The Avian Kind (Joryu Ingan): Jeonju Review

The Avian Kind Film Still - H 2014
Jeonju International Film Festival

The Avian Kind Film Still - H 2014

Atmospheric and artistic treatment of an extraordinary but insufficiently elucidated premise.

Shin Youn-shick's entry to the tri-feature Jeonju Digital Project follows a novelist's search for his wife, who vanished from view 15 years ago.

Why would a young, beautiful woman walk out on his seemingly harmless husband and his cute toddler daughter to transform herself into a bird? And why would a have-it-all teenager abandon her comfortable life as a conglomerate CEO's daughter to do the same? These are the key questions which haunt The Avian Kind, but unfortunately the answers are rarely forthcoming: while high on artistry and ambience, Shin Youn-shick's latest film is low on providing convincing expositions of the logic of its narrative and the motive of its characters' seemingly outlandish strategies in surviving supposedly harsh lives.

Spinning off an idea which first appeared in his 2012 film The Russian Novel-- the thread about an individual's desire to be reborn as a bird is something that film's author protagonist seeks to work on-- The Avian Kind remains a fledgling concept needing more to take flight. Despite employing quite a few genre elements to drive the film-- what begins as a road movie would, in the film's final third, becomes enmeshed in gun-toting thriller territory.  Shin's film flutters in vain to anchor a narrative mired in the lead character's ennui and the paranormal premise defining his wife's fate.

Its launch as one of the three entries of Jeonju International Film Festival's annual self-produced Digital Project (with the other two being Hungarian auteur György Pálfi's Free Fall and Park Jung-bum's Alive) would probably serve as the film's high-water mark, as the film struggles to straddle the distinctly arthouse values of the metatextual Russian Novel (or, for that matter, his 2005 directorial debut A Great Actor) and the mainstream concessions of Shin's last film, the Finecut-backed box-office hit Rough Play. Appearances at international festivals are still possible-- maybe a berth in Locarno, where the Jeonju project has nearly always found a home-- but easy prey this surely isn't, with programmers probably seeking to opt for the gritty drama of Alive.

The present and the past unfolds in parallel in The Avian Kind. In the here-and-now, the angst-ridden novelist Jung-suk (Kim Jung-suk) have largely abandoned his literary career and the upbringing of his daughter to search for his long-vanished wife; having spent all those years struggling to locate her, a sophisticated, bilingual management executive called Alice Kim (or later known as Kim So-yung - which happens to be the full name of actress Soy Kim) rings and offers to help. A journey then kicks in, as the pair meet relatives of other disappeared people and then are assigned to search for them and the shaman believed to have inducted them into their avian transformation.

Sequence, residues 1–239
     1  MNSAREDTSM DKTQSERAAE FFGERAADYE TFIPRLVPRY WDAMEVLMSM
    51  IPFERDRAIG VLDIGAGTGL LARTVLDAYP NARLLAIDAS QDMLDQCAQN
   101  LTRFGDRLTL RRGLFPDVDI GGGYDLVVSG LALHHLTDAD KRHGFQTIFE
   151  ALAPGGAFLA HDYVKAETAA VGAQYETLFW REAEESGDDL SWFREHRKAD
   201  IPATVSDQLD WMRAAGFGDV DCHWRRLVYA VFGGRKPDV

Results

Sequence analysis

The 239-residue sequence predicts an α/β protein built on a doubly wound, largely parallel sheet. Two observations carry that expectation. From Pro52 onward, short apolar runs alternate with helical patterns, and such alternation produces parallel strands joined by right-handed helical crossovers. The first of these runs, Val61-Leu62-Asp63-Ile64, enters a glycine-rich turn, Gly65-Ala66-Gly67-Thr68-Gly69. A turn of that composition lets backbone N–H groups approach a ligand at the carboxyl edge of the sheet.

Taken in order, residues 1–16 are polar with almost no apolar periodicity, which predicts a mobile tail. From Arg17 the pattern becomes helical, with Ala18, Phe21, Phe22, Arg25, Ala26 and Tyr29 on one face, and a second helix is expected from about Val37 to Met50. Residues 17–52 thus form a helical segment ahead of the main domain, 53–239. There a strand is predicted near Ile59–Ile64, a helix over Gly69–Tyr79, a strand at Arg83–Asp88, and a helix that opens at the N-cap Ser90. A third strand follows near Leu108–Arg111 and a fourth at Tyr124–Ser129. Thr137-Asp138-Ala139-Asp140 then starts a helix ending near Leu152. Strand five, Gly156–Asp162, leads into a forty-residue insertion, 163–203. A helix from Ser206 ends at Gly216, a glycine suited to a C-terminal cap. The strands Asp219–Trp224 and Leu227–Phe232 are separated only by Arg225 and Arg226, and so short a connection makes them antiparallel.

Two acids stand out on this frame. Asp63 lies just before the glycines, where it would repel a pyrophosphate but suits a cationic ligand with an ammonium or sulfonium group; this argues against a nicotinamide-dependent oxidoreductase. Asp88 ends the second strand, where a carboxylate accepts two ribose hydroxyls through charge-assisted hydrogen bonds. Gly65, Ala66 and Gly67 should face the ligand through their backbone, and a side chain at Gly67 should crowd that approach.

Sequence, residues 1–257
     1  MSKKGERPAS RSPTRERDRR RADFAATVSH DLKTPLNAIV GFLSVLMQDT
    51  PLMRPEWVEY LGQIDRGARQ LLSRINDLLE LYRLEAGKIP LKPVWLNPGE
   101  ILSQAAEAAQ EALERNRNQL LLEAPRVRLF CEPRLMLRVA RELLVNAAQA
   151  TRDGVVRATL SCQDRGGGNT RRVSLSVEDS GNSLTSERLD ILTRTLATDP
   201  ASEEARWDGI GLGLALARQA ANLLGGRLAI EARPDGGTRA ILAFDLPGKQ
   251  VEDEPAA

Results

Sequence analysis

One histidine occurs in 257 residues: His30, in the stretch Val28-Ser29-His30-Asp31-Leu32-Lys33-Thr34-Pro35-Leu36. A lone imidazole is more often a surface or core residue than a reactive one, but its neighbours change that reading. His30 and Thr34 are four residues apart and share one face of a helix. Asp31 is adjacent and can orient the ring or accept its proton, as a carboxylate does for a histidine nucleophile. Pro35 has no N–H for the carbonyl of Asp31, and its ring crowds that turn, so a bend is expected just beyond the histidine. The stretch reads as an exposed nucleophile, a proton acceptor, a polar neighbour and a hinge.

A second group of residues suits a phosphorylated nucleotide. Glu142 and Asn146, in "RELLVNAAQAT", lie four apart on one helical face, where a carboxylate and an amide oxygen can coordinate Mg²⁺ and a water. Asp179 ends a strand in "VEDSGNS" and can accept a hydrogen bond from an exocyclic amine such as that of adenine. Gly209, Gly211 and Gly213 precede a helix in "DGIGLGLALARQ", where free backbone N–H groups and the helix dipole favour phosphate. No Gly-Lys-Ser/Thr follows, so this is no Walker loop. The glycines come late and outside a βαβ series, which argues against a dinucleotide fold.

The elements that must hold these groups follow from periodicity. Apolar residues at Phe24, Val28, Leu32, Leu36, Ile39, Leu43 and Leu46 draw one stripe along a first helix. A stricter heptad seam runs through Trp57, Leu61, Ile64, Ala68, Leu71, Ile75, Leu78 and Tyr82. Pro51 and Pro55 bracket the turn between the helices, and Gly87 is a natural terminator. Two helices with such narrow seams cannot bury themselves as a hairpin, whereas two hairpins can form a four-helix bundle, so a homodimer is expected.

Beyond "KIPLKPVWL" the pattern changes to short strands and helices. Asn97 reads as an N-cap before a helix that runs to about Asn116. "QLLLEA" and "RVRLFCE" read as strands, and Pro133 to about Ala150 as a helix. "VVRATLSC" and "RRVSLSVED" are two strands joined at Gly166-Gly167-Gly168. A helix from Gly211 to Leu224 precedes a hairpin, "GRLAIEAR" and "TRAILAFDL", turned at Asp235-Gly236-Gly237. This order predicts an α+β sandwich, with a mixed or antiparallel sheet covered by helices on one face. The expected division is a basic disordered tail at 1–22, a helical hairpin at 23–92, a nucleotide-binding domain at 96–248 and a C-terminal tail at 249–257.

Meanwhile, what happened 15 years ago unfolds in parallel, as Jung-suk's wife (Jung Han-bi) is seen arriving in the countryside  to prepare for her operation, where she bonds with a teenager (Lee Yoo-mi) even more desperate to be reborn as the feathered and flying kind. While repeatedly told about the need for them to be considered of having a suitable physical and psychological constitution to undergo the metamorphosis, little is really said about how this could and would progress; the cave-dwelling master of the process would only warn them of the need for patience and a duration against pain. What's more problematic is how nothing much is revealed about the reason the two women would want to ditch everything they had for this: one awaits the revelation of their tribulations as human beings, but they never really arrive.

As Shin's screenplay drags on without unveiling this key part of the riddle, the film becomes grounded in listlessness, something the strangely predictable twists (in Alice/So-yung's real motive in helping Jung-suk) and the awkward digression away from the main thread (when separate teams of hunters compete with and hinder Jung-suk's search) couldn't salvage.

And for all of Choi Yong-jin's camerawork in conveying the melancholy bringing everybody down, there's no answer about why everybody's so miserable: if all they want is to fly away, why be a bird and not escape somewhere on a plane? When asked why she would want to go through this very difficult and tortured rebirth, Jung-suk's wife said: "I want my husband to know who I am." By the end, nobody's more wiser about who she is, and what she's after and why she would side with the avian kind.

Venue: Jeonju International Film Festival (Jeonju Digital Project 2014), May 3, 2014

Production Company: Luz y Sonidos with Content Road

Director: Shin Youn-shick

Cast: Kim Jung-suk, Kim Soy, Jung Han-bi, Lee Yoo-mi

Producer: Kim Jihyoung

Screenwriter: Shin Younshick

Director of Photography: Choi Yong-jin

Art Director: Lee Jae-sung

Editor: Kim Jung-hoon

In Korean

115 minutes